2016 could be the year of ransomware, and MSPs need to be prepared to help their customers face this malware threat. According to a recent report from Intel Corp’s McAfee Labs, the number of ransomware attacks is expected to grow in 2016, and that could create costly problems for SMBs.
Ransomware is a type of malware that allows a hacker to encrypt files on an infected computer and then demand a ransom be paid in order to decrypt the data. Often, users have no other option than to pay the ransom, which can range anywhere from $200 to $10,000. According to the FBI’s Internet Crime Complaint Center, victims of CryptoWall – one of the most prevalent forms of ransomware – reported more than $18 million in losses between April 2014 and June 2015.
Small businesses are particularly vulnerable to ransomware. According to the Verizon 2015 Data Breach Investigations Report, 23 percent of SMBs that receive phishing emails open them, and 11 percent click on the attachment. That’s why it’s critical for MSPs to educate their small business customers about ransomware and stay up to date on the latest threats.
Here are four points that are important for MSPs to keep in mind about ransomware.
1. Users are the final line of defense
Even if you have all the right technical safeguards (such as antivirus software, spam filters and firewalls) in place on a customer’s system, they can still fall victim to ransomware. All it takes is one person who unwittingly clicks on a suspicious link or opens the wrong attachment, and a whole system could be infected.
To help combat this, you need to teach customers about what ransomware is, how it can hurt their business and the warning signs they should watch out for. For example, CryptoWall is often spread using files named HELP_DECRYPT in .txt, .html, .url and .png file formats. Try bringing pizza to a customer’s office and getting all the employees together for a lunch-and-learn about ransomware, or offer to provide cyber security training on an ongoing basis as an added service.
2. Seeing is believing
One of the most effective ways to teach customers about ransomware is to show them real examples so they know what an infected email looks like. You can find a number of helpful online quizzes, such as this one from McAfee, that provide a variety of examples and explanations about how to tell the difference.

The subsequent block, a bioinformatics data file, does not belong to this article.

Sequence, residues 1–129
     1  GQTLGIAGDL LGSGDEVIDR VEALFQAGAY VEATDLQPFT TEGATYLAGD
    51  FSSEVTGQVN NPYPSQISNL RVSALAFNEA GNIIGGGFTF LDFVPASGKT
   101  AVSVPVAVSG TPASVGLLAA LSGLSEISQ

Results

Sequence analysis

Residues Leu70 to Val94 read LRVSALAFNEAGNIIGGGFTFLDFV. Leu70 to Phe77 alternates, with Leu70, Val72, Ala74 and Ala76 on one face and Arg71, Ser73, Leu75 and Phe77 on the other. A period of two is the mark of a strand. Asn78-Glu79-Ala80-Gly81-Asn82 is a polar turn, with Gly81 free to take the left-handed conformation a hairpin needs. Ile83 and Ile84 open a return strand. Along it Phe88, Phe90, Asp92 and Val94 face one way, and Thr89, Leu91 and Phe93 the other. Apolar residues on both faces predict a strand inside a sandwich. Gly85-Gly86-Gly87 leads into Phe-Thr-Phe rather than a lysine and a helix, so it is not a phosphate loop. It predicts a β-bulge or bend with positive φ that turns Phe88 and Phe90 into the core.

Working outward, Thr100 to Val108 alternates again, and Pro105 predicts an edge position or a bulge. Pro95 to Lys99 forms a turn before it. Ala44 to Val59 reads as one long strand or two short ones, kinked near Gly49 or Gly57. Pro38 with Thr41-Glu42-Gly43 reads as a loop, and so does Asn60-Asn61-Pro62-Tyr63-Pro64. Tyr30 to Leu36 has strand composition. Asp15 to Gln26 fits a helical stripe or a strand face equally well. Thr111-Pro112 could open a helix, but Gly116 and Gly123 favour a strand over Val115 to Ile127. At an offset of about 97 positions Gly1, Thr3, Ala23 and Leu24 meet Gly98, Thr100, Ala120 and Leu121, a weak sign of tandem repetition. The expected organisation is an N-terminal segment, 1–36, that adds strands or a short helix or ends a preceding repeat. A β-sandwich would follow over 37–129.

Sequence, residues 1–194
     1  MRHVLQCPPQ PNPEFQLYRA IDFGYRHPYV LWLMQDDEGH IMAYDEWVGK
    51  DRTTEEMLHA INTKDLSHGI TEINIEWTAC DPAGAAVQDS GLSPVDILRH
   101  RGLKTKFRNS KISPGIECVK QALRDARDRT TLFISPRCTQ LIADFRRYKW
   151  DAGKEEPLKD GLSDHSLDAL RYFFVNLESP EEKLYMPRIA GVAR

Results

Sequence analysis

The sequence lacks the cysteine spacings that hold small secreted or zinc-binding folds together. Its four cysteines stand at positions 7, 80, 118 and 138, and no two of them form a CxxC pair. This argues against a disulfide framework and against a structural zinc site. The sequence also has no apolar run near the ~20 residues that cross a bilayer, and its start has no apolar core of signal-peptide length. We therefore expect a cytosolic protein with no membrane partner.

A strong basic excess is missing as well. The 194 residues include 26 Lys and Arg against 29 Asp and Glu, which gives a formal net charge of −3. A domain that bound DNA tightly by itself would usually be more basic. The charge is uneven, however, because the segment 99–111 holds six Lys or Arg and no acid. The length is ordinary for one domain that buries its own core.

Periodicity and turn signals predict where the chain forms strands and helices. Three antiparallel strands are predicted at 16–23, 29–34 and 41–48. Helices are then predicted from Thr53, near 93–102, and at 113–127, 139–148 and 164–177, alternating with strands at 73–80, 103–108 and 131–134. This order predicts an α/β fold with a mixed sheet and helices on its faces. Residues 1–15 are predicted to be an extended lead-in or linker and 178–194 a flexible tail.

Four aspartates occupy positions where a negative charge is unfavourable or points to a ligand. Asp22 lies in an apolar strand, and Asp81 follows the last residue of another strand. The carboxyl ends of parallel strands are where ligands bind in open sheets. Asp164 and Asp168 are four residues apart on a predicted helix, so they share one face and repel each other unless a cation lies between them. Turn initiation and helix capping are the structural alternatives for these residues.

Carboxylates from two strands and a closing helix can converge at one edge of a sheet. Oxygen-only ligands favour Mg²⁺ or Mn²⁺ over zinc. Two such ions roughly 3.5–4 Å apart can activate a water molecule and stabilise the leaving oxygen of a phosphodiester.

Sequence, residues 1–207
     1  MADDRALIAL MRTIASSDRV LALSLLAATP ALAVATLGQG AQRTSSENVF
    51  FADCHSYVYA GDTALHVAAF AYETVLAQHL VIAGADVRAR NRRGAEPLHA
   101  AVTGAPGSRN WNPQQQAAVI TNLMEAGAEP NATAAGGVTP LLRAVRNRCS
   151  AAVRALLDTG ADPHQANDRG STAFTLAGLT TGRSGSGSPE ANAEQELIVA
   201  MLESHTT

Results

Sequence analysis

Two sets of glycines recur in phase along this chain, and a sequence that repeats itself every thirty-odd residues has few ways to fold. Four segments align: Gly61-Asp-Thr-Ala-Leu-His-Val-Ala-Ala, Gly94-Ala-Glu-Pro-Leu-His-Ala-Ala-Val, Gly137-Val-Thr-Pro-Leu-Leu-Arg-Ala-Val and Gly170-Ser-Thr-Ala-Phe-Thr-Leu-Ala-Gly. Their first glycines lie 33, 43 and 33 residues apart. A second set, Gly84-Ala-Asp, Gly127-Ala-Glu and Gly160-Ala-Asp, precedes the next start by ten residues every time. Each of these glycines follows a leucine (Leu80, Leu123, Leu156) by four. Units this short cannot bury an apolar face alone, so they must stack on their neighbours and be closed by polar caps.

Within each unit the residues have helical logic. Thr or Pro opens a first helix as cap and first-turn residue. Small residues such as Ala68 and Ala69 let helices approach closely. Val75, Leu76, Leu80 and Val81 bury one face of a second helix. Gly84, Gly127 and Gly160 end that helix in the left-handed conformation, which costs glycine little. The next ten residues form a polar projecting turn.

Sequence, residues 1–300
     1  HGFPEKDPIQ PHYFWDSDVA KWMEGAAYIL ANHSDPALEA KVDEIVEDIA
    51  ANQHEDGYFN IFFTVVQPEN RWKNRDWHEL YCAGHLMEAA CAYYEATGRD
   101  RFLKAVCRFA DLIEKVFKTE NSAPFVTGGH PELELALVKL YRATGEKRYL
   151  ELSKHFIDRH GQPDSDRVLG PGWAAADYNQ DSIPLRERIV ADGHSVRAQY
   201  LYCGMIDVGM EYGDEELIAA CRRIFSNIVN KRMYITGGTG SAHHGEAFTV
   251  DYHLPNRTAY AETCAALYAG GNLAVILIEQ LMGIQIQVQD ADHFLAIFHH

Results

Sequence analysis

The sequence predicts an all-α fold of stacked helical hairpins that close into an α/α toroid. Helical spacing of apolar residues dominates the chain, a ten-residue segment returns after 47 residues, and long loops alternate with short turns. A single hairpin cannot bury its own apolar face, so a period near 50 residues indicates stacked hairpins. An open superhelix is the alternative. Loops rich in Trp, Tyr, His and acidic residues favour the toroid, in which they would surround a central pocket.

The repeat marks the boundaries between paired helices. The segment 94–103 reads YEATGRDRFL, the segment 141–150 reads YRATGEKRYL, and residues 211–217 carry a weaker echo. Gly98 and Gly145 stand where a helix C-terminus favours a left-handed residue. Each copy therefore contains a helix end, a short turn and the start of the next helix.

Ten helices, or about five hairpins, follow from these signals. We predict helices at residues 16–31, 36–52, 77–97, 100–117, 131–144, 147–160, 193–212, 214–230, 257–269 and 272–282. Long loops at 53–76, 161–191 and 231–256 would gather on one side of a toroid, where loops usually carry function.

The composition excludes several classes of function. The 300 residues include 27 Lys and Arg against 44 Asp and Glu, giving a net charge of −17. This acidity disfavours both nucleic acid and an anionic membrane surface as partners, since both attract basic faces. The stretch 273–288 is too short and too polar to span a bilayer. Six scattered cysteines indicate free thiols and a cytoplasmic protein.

After a computer is infected with ransomware, a message will be displayed alerting the users and providing instructions on how to pay the ransom. You should show your customers some examples of what these screens look like so they can let you know immediately if they do fall victim to ransomware.
3. Backup supports faster recovery
If a customer is hit with ransomware, having a recent backup will make it easy for you to restore their operations as quickly and painlessly as possible, saving time and money for both you and your customer. For that reason, having a backup solution in place and regularly testing backups to make sure they’re running properly is a critical part of protecting your small business customers from ransomware. If a customer doesn’t have access to a recent backup, they’ll likely have no choice but to pay the ransom.
4. Ransomware is always evolving
Malware developers are constantly introducing new and improved ransomware strains, creating new challenges for MSPs. For example, CryptoWall 4.0 was unleashed in November, adding twists such as encrypting filenames as well as the files themselves, making it nearly impossible to tell files apart. To stay up to date on the latest ransomware news threats, MSPs should follow sites such as Bleeping Computer or the Microsoft Malware Protection Center.
By Chris Crellin, Senior Director of Product Management for Intronis
Senior Director of Product Management Chris Crellin leads product strategy and management for Intronis. Over the past 15 years, Chris has developed a strong record of successfully developing product strategy and driving execution from concept to delivery. Chris joined Intronis from Backupify/Datto, Inc., where he was responsible for product strategy and execution of their cloud backup SaaS portfolio. Prior to Datto, he spent 14 years with RSA, the Security Division of EMC. He was the lead product manager for the RSA SecurID portfolio after having started his career as a software engineer.
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